No one seems willing to take a risk on the women’s side of the game and the modest success its had has blinded people to its problems.

Independiente Argentina v Toronto FC

It hasn’t been the best couple of weeks for Toronto FC (or months, or years). With a win-less streak now stretching to eight games, and with just one win in its last 24 MLS games, the Reds are in danger of slipping even further into irrelevancy in the Toronto sports market.

For those that were around in the early years, it’s staggering to see the fall from grace. This was a club that wasn’t just the darling of the Toronto sports scene but for much of MLS for a while at the end of last decade. There wasn’t an empty seat in the stadium for almost three straight years, despite struggles on the pitch.

In fact, what seemed like “struggles” then were only a taste of what was to come. Little did TFC fans realize that those first three years would represent a high water mark for the club. They improved each of the first three seasons, finishing 2009 just one point from a playoff spot.

On the morning of October 24, 2009 Toronto FC was a middling team that was one win away from making its first playoff appearance. Fans had reason to hope.

Then, in a driving rainstorm, Macoumba Kandji scored for the New York Red Bulls just three minutes into the Reds’ final game of the year. New York, a club that was 21 points behind Toronto at kick-off, would go on to score four more goals that night to deny TFC a spot in the playoffs.

The enduring image of the night was interim head coach Chris Cummins standing on the sideline, shoulders slumped with rain pouring off his black trench coats. He didn’t even have the energy to shout instructions to his players any longer; his mind may have been on catching the first flight back to Heathrow.

Cummins remains the most successful of Toronto’s eight managers. The club has lost 52 times since that night, with only 21 wins. Along the way they have been forced to cut season ticket prices to year one levels and watched as a once vibrant and sold-out stadium turn into a cynical, often half-empty shell. What was once fan passion is now mostly anger. That is if the club is lucky. At least if the fans are angry they still care. Increasingly there is less anger.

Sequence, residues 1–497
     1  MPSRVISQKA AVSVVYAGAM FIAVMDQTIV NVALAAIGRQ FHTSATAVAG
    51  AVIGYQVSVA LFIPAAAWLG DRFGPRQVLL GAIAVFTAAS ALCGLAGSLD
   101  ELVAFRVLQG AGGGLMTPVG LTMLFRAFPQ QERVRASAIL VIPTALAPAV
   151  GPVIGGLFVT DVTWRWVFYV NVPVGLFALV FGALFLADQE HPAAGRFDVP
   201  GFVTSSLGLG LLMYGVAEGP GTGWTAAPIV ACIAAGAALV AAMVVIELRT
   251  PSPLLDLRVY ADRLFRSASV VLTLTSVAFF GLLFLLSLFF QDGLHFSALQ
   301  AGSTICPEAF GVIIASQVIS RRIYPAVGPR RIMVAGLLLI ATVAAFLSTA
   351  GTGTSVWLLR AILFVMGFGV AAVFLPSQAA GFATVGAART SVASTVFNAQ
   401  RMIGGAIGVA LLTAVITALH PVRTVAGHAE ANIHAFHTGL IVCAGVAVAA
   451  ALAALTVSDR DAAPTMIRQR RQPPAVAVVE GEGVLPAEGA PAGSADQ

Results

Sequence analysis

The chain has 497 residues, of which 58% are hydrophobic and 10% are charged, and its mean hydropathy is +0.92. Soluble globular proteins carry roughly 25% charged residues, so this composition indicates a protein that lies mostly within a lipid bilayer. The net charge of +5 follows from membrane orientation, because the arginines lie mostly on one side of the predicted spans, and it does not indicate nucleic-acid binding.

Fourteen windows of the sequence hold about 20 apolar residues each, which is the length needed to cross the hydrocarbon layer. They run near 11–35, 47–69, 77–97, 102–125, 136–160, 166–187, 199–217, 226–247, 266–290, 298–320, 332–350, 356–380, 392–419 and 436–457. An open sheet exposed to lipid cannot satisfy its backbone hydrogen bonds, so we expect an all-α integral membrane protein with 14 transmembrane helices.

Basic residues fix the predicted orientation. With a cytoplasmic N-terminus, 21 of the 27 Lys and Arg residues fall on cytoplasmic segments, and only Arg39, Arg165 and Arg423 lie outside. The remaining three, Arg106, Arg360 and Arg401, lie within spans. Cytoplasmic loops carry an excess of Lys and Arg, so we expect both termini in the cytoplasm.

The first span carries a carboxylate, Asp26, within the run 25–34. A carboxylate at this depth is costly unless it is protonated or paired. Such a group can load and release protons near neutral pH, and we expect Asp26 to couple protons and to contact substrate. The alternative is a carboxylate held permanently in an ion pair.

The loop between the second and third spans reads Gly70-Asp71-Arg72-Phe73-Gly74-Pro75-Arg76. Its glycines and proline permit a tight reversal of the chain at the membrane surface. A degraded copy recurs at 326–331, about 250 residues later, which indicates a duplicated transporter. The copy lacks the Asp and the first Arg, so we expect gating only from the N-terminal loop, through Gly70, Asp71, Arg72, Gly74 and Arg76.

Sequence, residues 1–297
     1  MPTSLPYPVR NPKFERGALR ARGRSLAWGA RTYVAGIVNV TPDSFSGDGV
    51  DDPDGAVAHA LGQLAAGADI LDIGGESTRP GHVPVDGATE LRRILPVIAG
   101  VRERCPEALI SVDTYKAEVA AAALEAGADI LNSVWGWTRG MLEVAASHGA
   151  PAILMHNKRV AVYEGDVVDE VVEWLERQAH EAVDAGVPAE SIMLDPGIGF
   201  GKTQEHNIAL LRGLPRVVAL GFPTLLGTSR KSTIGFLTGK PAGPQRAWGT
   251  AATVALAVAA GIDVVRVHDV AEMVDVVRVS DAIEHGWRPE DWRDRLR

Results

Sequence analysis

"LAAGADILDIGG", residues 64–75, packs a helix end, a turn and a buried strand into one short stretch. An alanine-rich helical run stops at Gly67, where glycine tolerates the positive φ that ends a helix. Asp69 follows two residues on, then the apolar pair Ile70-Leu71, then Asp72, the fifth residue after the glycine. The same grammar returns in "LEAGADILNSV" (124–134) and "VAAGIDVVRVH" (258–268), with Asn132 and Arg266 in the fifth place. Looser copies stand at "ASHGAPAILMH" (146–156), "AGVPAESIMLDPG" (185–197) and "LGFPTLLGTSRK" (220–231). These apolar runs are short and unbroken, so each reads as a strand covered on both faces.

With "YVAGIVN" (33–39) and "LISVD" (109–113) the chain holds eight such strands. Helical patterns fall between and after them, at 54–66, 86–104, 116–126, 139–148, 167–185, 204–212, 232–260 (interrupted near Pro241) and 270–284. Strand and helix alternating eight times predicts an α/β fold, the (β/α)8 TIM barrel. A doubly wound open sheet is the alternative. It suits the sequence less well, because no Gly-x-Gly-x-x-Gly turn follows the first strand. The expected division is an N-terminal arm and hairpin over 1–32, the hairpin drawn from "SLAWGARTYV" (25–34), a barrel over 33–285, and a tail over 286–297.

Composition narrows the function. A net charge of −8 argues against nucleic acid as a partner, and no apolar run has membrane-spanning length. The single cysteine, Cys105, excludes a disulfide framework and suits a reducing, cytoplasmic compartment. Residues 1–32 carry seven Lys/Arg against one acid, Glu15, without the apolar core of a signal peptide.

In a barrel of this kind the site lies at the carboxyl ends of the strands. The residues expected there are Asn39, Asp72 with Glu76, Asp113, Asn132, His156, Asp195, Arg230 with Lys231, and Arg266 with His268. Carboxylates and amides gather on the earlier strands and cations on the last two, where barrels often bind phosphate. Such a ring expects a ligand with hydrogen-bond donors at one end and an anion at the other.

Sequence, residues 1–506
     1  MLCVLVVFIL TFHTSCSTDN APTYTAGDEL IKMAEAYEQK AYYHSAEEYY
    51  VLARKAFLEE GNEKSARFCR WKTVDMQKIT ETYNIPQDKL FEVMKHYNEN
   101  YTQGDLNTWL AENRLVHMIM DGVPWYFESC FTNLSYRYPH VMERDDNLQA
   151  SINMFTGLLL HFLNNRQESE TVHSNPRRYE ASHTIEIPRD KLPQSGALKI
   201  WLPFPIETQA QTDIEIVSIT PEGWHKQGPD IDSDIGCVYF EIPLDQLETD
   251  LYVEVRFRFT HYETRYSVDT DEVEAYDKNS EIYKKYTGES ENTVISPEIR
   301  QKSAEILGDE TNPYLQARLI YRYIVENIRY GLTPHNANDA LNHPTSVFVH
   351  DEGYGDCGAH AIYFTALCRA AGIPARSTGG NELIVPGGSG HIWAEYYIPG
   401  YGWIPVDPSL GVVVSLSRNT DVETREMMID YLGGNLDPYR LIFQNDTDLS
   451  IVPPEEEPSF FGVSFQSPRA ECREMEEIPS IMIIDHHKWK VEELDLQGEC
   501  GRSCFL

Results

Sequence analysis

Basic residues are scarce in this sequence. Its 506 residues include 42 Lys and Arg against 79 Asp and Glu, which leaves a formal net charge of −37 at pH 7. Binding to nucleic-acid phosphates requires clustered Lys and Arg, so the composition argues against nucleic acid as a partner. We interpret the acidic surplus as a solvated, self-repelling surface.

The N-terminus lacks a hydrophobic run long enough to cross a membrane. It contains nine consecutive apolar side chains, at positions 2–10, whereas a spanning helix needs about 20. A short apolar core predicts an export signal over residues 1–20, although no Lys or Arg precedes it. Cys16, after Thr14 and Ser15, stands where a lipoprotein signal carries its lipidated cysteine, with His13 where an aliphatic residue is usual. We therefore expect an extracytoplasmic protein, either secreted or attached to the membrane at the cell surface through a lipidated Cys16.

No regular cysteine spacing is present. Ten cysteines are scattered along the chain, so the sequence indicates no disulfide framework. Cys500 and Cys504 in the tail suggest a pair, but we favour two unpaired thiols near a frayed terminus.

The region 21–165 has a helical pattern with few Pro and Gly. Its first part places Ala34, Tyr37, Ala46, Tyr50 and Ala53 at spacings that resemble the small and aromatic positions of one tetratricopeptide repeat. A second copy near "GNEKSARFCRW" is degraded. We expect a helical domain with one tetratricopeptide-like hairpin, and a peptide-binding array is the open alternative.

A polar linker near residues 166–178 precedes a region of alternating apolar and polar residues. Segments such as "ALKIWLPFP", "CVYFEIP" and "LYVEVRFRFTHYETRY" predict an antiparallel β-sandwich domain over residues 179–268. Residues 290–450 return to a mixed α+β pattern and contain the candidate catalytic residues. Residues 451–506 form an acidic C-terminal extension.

So, what happened? How did Toronto FC become so very bad? It’s indeed puzzling, as the Reds have the financial resources to compete and ownership has invested in both players and infrastructure. Yet, the team just seems to get worse and worse.

The simple answer – and the answer most want to point to – is that the investor/owners in Maple Leaf Sports & Entertainment don’t know what they’re doing. It’s increasingly difficult argument to challenge, even if it appears a tad simplistic. The truth is, there has been one consistent element to the club and that’s ownership.

What’s even more baffling about that is that, in isolation, most of the moves MLSE has made to support their franchise in that time made a lot of sense. In 2006, MLSE recognized that they didn’t know how to run a soccer team and so looked to hire a guy that had the experience they didn’t. In retrospect, hiring Mo Johnston as coach and eventually director of football was a terrible idea, but at the time it was pretty uncontroversial.

When it became clear that Johnston wasn’t the right guy for the job, MLSE reached out (and opened their pocket book) to one of the biggest names in the game in Jürgen Klinsmann to assist them in the search.

Few criticized MLSE’s hiring of Klinsmann. So, when he came back with the name of Aron Winter as the right man to bring TFC back from the dead, most fans were excited. After all, this was a guy that had played at the highest levels and was part of one of Europe’s most storied clubs.

Instead, things got worse. A lot worse. So MLSE listened to the prevailing advice of the day and sought out a “MLS guy” to run the show.

Enter Kevin Payne, an experienced manager from the club that was only associated with success in the league’s earliest days. Again, next to no one questioned the hire.

It’s too early to evaluate Payne, but not to point out his similarities with other MLSE hires. Payne was an attractive candidate; he combined brash talk with a long and impressive resume. When MLSE hires someone it almost always tends to be an industry name. You rarely see the company put its trust in an internal employee, or in allowing a young executive to grow in its role.

With MLSE style seems to matter more than substance. It plays better with fans and media, but, as history tells us, it rarely seems to work.

There is a certain arrogance in the philosophy. It suggests that Toronto is too big a market to be appropriate for an entry-level managerial candidate.

That might point to the biggest problem of all – arrogance. Despite two decades of losing, MLSE continues to believe that it is a major player in North American sports. It continues to make the same errors and it continues to get the same results.

And, all fans can do is hope against hope that they eventually will learn from their mistakes and bring the city a winner, and that hope is running thin. Worse, it’s turning into indifference.